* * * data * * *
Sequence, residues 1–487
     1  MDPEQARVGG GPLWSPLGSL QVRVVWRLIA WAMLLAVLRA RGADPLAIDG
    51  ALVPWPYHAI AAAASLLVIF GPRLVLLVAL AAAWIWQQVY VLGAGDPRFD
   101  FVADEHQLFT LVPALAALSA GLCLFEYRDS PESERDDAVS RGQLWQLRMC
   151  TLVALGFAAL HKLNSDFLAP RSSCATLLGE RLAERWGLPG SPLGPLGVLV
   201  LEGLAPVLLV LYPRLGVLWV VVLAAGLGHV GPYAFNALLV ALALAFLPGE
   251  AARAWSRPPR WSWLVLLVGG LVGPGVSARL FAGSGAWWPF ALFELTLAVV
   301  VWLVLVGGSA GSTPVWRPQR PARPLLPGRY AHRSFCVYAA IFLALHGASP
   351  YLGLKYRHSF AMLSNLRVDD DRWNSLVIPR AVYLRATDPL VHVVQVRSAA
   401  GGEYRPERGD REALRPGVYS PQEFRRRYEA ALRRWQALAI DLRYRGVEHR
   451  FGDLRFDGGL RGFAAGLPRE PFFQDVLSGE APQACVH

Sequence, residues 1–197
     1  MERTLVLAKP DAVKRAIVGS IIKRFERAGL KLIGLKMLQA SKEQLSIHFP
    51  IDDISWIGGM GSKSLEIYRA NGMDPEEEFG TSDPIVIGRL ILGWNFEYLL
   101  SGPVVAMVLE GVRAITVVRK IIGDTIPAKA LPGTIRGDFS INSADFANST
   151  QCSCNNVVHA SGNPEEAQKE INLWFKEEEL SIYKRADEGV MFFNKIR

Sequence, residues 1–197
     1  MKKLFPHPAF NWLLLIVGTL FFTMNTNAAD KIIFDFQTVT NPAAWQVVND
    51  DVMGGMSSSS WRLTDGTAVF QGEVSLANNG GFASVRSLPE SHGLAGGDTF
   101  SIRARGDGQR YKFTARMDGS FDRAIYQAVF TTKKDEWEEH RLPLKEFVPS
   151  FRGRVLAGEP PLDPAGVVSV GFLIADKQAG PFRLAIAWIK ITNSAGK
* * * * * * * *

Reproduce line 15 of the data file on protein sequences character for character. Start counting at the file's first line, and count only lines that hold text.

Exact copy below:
   101  SGPVVAMVLE GVRAITVVRK IIGDTIPAKA LPGTIRGDFS INSADFANST